Corbett Rejects Ruinous Welfare Reverse-Reform

Gov. Tom Corbett has rejected the Obama administration’s waiver to water down welfare work requirements in the Temporary Assistance for Needy Families (TANF) program. In a letter to the administration, Corbett wrote:

The flexibility offered through this potential waiver will simply lock states into another round of caseload expansion and escalate welfare spending. More importantly, it will handicap our ability to ensure that an effective safety net is preserved for the truly needy who temporarily have no other means of support.

Instead of waiving work requirements, Gov. Corbett supports safeguards in welfare programs, such as block grant funding, strict work requirements, and time limits. These reforms work together to place individuals in gainful employment and break the cycle of dependency.

Four of the six states that saw a decline in TANF rolls during the recession match work requirements with time limits. For example, Rhode Island limited benefits to two consecutive years followed by one year of ineligibility and established a four year lifetime limit. These changes helped reduce welfare rolls by almost 30 percent between 2007 and 2009, despite the second highest unemployment rate in the nation. In contrast, Pennsylvanians may remain on welfare for 60 straight months.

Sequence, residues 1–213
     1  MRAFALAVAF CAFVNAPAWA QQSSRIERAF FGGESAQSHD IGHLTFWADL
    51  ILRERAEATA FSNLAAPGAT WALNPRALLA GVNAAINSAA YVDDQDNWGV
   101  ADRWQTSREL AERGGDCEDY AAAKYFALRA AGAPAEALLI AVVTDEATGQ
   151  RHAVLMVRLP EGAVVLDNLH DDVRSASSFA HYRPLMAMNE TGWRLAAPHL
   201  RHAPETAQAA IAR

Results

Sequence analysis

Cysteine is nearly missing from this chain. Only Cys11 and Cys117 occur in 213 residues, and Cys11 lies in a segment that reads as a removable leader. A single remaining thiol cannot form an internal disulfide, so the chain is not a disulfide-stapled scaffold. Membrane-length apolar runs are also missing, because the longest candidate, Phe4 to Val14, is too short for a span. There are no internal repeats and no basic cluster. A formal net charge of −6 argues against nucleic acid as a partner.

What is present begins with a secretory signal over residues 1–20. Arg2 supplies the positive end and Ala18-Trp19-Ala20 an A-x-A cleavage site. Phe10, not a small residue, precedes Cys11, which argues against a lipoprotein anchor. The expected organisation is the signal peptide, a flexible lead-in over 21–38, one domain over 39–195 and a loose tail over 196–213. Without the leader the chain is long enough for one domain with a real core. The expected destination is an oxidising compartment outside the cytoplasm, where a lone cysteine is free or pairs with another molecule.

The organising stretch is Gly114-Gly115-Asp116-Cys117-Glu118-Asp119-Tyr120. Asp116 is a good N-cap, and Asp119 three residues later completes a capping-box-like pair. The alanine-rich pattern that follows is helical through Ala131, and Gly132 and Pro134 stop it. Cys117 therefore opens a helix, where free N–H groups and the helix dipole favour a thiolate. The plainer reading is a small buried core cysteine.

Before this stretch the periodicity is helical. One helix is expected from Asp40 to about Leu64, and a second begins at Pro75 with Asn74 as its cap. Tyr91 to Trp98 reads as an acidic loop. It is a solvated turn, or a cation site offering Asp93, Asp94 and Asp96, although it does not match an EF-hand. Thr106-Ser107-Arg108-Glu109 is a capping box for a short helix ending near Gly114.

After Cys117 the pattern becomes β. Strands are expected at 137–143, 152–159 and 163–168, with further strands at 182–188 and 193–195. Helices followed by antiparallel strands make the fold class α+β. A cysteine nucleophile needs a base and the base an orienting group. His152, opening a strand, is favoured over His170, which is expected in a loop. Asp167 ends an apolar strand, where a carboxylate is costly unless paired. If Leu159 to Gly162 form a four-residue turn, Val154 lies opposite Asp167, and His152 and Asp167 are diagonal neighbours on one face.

Additionally, block grants, which limit federal funding in exchange for flexibility, are critical for Medicaid reform, where spending has ballooned by 83 percent in the last decade.

Strong work requirements, extending state flexibility outside of TANF to other programs such as Medicaid, and consecutive time limits encourage individuals to keep striving for a better life, rather than settling for a lifestyle of dependence.